Chinn to Navy League: Innovations key to medically ready force and ready medical force
Navy Rear Adm. Colin Chinn, the acting deputy director of the Defense Health Agency, talked about battlefield medicine innovations as Rear Adm. Stephen Pachuta, Medical Officer of the Marine Corps watched, during a combat survivability panel at the Navy League’s Sea-Air-Space exposition, April 5, 2017, at National Harbor just outside of Washington, D.C. Others on the panel (not pictured)included Navy Surgeon General Vice Adm. Forrest Faison; Rear Adm. Cathal O’Connor, commander, Expeditionary Strike Group THREE; and Rear Adm. Tina Davidson, director Medical Resources, Plans, and Policy at the Navy’s Bureau of Medicine.
The Defense Health Agency is the newest combat support agency in all of the Department of Defense, standing up just a few years ago. But this newbie serves a vital mission: providing a medically ready force and ready medical force to combatant commands in both peace and war. Innovations in medical care help make that possible.
“We work very closely with the services to ensure that our medical personnel are ready to deploy, and just as importantly, our forces are medically ready to go into harm’s way,” said Navy Rear Adm. Colin Chinn, the acting deputy director of the Defense Health Agency.
Chinn spoke during a combat survivability panel at the Navy League’s Sea-Air-Space exposition, April 5, 2017, at National Harbor just outside Washington, D.C. One discussion point during the session was that the survival rates of those injured during combat are the highest in the history of warfare due in part to developments in battlefield medicine that help warfighters survive and thrive after injury.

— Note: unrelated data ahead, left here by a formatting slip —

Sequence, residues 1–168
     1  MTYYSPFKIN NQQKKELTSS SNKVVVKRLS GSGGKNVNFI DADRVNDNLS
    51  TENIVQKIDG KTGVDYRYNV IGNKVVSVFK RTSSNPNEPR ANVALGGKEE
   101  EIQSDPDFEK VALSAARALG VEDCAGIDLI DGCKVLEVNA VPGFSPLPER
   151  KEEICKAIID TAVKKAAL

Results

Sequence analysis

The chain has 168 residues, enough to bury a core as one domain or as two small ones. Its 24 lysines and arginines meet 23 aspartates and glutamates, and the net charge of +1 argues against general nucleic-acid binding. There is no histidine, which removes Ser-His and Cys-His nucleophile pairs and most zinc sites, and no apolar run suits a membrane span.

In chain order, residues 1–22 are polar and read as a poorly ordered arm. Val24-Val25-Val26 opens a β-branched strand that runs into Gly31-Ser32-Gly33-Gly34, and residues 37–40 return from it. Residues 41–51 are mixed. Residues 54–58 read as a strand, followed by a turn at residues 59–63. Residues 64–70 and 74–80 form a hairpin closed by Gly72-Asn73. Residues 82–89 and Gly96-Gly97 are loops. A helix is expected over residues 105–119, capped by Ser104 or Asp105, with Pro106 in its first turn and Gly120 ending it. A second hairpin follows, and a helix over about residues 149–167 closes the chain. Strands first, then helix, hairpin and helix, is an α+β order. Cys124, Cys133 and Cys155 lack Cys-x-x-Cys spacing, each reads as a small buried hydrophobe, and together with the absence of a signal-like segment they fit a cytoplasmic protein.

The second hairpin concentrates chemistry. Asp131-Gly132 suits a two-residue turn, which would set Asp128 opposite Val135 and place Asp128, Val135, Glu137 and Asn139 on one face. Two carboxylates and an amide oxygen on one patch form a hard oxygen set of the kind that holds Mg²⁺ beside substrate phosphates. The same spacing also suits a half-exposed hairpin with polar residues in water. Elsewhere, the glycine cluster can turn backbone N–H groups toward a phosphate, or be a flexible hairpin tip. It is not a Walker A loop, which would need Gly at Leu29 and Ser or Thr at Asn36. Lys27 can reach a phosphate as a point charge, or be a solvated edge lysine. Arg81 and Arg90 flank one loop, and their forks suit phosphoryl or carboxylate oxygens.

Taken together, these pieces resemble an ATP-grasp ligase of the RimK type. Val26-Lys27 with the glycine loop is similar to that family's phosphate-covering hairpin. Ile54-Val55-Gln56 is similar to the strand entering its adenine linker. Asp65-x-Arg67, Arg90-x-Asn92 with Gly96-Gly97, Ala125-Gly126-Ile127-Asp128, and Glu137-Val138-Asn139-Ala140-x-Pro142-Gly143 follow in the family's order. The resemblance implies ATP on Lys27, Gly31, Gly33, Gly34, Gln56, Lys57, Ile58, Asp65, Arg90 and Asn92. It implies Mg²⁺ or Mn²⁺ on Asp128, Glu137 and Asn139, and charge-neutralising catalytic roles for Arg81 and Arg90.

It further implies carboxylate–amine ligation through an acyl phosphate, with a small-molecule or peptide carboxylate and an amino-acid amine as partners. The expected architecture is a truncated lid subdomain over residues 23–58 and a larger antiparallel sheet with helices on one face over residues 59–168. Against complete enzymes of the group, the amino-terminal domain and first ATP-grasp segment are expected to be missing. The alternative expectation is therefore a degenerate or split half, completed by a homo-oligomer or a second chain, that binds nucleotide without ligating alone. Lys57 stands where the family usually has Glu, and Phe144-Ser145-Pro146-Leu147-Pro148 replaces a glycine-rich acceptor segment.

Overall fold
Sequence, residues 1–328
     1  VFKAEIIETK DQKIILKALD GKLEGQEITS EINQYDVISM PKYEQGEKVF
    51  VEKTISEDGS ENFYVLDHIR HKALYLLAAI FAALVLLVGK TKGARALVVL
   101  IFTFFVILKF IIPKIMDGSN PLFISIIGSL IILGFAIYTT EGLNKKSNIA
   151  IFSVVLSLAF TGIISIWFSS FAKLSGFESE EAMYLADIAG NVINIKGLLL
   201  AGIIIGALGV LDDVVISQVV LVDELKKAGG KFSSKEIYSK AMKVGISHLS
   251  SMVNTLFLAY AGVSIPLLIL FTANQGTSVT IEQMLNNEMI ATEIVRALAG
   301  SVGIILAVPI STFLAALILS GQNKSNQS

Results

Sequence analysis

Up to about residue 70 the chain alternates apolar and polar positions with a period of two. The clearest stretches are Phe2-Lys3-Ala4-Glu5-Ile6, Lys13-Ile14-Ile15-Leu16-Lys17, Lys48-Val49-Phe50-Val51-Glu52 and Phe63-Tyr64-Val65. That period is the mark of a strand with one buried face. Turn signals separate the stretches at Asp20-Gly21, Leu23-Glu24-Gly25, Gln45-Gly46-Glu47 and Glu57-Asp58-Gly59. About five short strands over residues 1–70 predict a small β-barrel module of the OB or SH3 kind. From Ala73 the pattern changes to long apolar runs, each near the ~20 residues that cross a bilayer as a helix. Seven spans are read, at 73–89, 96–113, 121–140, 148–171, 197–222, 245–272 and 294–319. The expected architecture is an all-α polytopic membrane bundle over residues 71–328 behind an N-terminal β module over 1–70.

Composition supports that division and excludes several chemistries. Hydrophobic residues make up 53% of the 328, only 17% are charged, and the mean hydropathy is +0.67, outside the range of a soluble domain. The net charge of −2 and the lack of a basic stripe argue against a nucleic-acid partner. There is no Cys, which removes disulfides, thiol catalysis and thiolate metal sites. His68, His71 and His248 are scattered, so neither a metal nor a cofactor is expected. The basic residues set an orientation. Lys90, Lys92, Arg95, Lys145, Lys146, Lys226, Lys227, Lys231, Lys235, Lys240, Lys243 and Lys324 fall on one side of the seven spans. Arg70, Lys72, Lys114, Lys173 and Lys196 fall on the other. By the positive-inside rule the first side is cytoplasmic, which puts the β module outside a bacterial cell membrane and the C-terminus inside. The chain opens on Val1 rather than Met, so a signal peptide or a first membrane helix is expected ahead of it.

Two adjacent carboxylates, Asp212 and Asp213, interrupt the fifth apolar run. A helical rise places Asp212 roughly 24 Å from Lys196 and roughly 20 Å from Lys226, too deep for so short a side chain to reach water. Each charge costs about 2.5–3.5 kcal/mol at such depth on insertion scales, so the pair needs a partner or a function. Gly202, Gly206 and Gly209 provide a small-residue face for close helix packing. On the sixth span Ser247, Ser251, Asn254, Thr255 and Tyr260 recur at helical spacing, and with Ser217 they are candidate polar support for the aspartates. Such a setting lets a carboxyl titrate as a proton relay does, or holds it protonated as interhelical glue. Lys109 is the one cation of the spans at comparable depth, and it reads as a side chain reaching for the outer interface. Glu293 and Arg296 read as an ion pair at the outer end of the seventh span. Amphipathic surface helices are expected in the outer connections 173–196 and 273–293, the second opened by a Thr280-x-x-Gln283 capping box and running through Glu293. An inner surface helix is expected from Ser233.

“We seek solutions to bridge medical capability gaps identified by the combatant commands and the services, and it cuts across the entire continuum of care,” Chinn told the group. The admiral also oversees his agency’s role in research and development efforts in military medicine. “It’s a collaborative effort with researchers within the DoD, industry, and academia. Our goal is to turn novel and innovative ideas into fielded products that will help … at the point of injury on the battlefield all the way to our major medical centers.”
Chinn cited work with the Defense Advanced Research Projects Agency on the next generation of prosthetics that are controlled directly by the brain. Another area of research includes the use of wearable sensors that inform medics and doctors about troop fatigue or bleeding. New applications of old techniques once thought to be outdated, such as tourniquets, help improve combat casualty care. Chinn said 30 years ago as a young doctor in the military, he was told not to use tourniquets. Now, it can be one of the first measures taken to stop bleeding. Once new techniques or technologies are verified for efficacy, medical providers are trained to treat any injuries on the battlefield, he said.
All research and development keeps the warfighter in mind. “We want to make sure any of the products or knowledge we produce is of the highest standards of safety and efficacy,” said Chinn.
Chinn thanked his fellow panel members, Navy Surgeon General Vice Adm. Forrest Faison; Rear Adm. Cathal O’Connor, commander, Expeditionary Strike Group THREE; Rear Adm. Stephen Pachuta, Medical Officer of the Marine Corps; and Rear Adm. Tina Davidson, director Medical Resources, Plans, and Policy at the Navy’s Bureau of Medicine, for the issues they brought up that sparked more discussion and thought.
“For the last 15 years, we have had a significant amount of our [research and development] dollars go toward solving issues that have arisen,” said Chinn. “We are making great strides, and this panel is opening up some issues about future conflicts.”